Op-ed: Refugee Warehousing in 2024

By USCRI June 20, 2024

Can you imagine being born in a refugee camp? Growing up and going to school in that camp? Marrying your spouse in the same camp? And then having your children born and raised there? This unimaginable scenario unfolds every day and has been happening for decades. Refugees around the world often end up languishing in camps for years and decades.

Years and decades of refugees’ lives pass by in limbo. Refugees in protracted crises face barriers to meaningfully enjoying rights they are entitled to receive under the 1951 Refugee Convention—such as freedom of work, freedom of movement, and access to education.

Algeria has hosted Sahrawi refugees from western Sahara for roughly 50 years—with more than 170,000 Sahrawi refugees living in camps in the desert near the town of Tindouf in western Algeria.

Kenya hosts hundreds of thousands of refugees in its Dadaab and Kakuma refugee camps. Many Somali refugees have lived in Dadaab since 1991 after fleeing the Somali civil war.

Bangladesh hosts one million Rohingya refugees from Myanmar (Burma)—with plans to continue housing tens of thousands of Rohingya refugees at Bhasan Char, an island in the Bay of Bengal.

Sudan, a country with ten million IDPs due to the civil war, has been hosting Eritrean refugees since 1968 and other neighboring countries.

Each year, we pledged to focus on ALL refugees’ suffering, yet the international community’s selective compassion is becoming a norm. Refugees from impoverished countries are summarily expelled without due process, and others are greeted with a welcoming mat.

The U.S. Committee for Refugees and Immigrants (USCRI) coined “refugee warehousing” in the early 2000s to draw attention and galvanize action on this increasingly common outcome for refugees. The term does not imply the existence of physical warehouses but rather captures how many refugees end up confined in rural settlements or camp settings for years on end, cut off from freedoms and opportunities.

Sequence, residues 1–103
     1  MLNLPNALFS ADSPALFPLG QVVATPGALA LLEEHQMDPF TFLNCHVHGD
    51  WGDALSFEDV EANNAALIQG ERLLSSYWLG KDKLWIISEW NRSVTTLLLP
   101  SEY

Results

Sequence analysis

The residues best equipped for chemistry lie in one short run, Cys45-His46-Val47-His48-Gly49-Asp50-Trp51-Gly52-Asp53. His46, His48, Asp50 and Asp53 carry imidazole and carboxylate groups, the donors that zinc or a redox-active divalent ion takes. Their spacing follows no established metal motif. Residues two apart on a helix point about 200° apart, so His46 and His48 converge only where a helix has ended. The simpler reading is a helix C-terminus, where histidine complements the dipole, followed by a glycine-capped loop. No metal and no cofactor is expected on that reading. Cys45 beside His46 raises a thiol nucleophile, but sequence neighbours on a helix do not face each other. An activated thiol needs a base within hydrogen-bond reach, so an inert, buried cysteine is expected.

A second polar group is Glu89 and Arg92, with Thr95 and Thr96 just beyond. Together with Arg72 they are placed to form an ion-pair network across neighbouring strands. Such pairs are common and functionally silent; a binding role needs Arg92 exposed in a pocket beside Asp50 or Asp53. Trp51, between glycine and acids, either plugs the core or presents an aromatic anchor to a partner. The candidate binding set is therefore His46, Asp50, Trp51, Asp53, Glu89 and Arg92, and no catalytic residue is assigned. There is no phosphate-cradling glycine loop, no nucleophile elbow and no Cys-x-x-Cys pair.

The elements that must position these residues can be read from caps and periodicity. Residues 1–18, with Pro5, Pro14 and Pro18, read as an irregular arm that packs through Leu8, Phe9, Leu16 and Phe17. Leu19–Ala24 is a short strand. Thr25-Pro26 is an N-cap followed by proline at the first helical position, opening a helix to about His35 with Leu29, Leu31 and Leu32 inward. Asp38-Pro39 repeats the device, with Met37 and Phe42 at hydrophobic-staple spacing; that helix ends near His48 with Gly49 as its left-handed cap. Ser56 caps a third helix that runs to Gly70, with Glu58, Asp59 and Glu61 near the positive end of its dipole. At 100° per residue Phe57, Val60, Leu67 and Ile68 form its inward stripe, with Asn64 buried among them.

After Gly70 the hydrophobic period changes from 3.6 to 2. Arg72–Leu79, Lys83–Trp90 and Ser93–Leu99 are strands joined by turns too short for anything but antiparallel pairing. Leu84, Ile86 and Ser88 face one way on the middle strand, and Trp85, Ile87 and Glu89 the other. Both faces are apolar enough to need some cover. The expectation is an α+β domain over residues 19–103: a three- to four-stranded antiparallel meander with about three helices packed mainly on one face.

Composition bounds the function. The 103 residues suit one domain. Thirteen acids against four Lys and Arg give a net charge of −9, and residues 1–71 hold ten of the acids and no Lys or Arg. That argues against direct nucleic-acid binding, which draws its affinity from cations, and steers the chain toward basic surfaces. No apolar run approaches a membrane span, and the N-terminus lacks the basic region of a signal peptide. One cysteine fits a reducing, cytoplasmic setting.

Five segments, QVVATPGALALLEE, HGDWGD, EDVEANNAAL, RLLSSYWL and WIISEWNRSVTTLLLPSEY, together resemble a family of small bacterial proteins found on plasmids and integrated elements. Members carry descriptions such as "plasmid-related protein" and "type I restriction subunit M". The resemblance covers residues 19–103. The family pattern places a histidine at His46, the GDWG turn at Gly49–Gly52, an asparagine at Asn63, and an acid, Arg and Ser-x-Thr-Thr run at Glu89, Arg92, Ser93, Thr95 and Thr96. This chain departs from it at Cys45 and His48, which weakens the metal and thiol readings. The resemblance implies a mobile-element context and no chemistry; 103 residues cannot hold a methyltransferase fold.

Although the world has celebrated World Refugee Day since 2001 to build empathy and understanding for the plight of refugees, refugee warehousing has continued and grown worse over the past 20 years.

Today, there are more than 110 million people forcibly displaced from their homes due to persecution, conflict, violence, and human rights violations. Efforts to resettle refugees in third countries, like the United States, integrate refugees into local communities in countries where they had sought refuge, or improve the conditions in countries of origin so refugees can safely return home are failing.

The world community needs to take new steps. Countries should phase out legal restrictions on refugees’ employment and explore how to reduce informal barriers to employment. These efforts, combined with policies protecting freedom of movement, would boost refugee access to the labor market, which research shows benefits refugees and host communities.

In recent years, refugees have taken on greater roles in shaping policies that affect their lives. However, to achieve better results for refugees, refugee participation in processes like the Global Refugee Forum must be substantive and non-tokenistic.

Refugee-led organizations (RLOs) and community-based organizations are the groups closest to displaced populations and their needs or aspirations. Multilateral, bilateral, and philanthropic funding in humanitarian responses ought to be more geared toward these groups to build their capacity effectively in a systemic way.

On this World Refugee Day, we must see ourselves through all refugees and consider how we would want the world community to see us all.


Eskinder Negash is the president of the U.S. Committee for Refugees and Immigrants, a nonprofit, non-governmental, international organization that fights for the rights of refugees globally. He is a former refugee from Eritrea.

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